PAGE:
Talking about "perceived power" conveniently allows the NYT to avoid reporting whether the actual events in Basra conform to its description of "Iraqis[']" perceptions. (The one Iraqi man on the street who is quoted says something a bit different: "I think Maliki and America are more powerful than [the Mahdi Army], but Maliki alone would be smashed by it." He is the first and last "ordinary citizen" in the story.)
The rest of the piece: "Senior Iraqi officials" see the rallying behind Maliki as "turning point" that could bring political reconciliation. "But for many Iraqis ... Mr. Maliki has cemented his reputation as a tool of the Americans." Nobody is quoted from this "many" except a Sadrist official. ... An NGO type says that the Sadrists are not going to disband, but that they are facing a dilemma because not disbanding might cost them the right to participate in elections. ... A parliamentarian says that disarming the Sadrists is "not an easy job." ... The Times opines that a "truer gauge of the two sides' real power" may come Wednesday, "when Mr. Sadr has called for a million of his followers to march through the streets of Baghdad." (He has now called the march off.)
Then there is the final ominous kicker:
One unexpected bonus for Mr. Maliki is that the Sadrists appear to have been dismayed by the political establishment's decision, at least in public, to back him.
"We were astonished at the political blocs' stance in supporting Maliki's government," said Hassan al-Rubaie, a Sadrist lawmaker.
Even the Sadrists are dismayed by Maliki's breadth of support. Another sign of instability! But of course it's "unexpected." (Really? By Maliki?)
kf Nut Graf: The Iraqi government may be on the verge of collapse, or not, but the NYT's piece doesn't come close to substantiating increased concerns about its stabiity. It's more like the opposite.
I'm not saying that the Times editors are predictable anti-war, anti-Bush types who reflexively leaped to a pessimistic extrapolation from the muddled Basra fighting and imposed that unsupported conclusion on their reporters. But they definitely succeeded in producing the piece that predictable anti-war types would have generated given no more information than the news that Maliki had failed to take all of Basra. Arianna Huffington could have written it from her sofa after coming back from a party. Except it would probably be more convincing. ... 10:44 P.M.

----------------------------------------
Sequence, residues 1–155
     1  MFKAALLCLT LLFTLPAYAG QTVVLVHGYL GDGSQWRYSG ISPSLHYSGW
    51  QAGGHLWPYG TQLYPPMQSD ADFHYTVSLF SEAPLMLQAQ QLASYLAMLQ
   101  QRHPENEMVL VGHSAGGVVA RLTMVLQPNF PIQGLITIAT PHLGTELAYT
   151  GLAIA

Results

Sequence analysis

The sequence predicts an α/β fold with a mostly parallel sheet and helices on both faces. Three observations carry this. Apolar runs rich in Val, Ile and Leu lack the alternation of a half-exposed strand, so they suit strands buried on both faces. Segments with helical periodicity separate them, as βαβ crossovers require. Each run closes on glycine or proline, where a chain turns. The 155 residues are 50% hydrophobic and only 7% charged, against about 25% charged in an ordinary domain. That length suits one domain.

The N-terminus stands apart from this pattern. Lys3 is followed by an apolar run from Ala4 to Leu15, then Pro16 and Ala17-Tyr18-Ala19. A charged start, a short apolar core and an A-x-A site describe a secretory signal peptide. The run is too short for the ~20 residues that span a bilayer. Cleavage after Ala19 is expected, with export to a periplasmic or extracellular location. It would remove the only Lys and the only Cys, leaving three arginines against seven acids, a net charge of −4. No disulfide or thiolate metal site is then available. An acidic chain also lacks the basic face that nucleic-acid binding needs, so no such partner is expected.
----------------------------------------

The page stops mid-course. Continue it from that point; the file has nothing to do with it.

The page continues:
Wednesday, April 9, 2008
Meet 'Johm McCain": Is McCain's first ad really as bad as blogger "Richelieu" says. No. It's worse! The problem is a) the voice-over voice, simultaneously pompous, condescending and saccharine, almost a parody of an announcer's voice. Think "Real Men of Genius." b) The disjointed rhythm of the script, with its fake-profound get-up-and-get-a-beer questions substituting for arguments ("What must a President believe about us. About America? That she is worth protecting? ...") in which the insertion of a groaning cliche ("Has he walked the walk?") seems almost like a bit of down-to-earth relief,** all building to a semi-anticlimactic video of a captured McCain lying in a North Vietnamese bed and reciting his name and serial number. ...
It's almost as if McCain's ad man secretly likes Obama. Correction: Not secretly!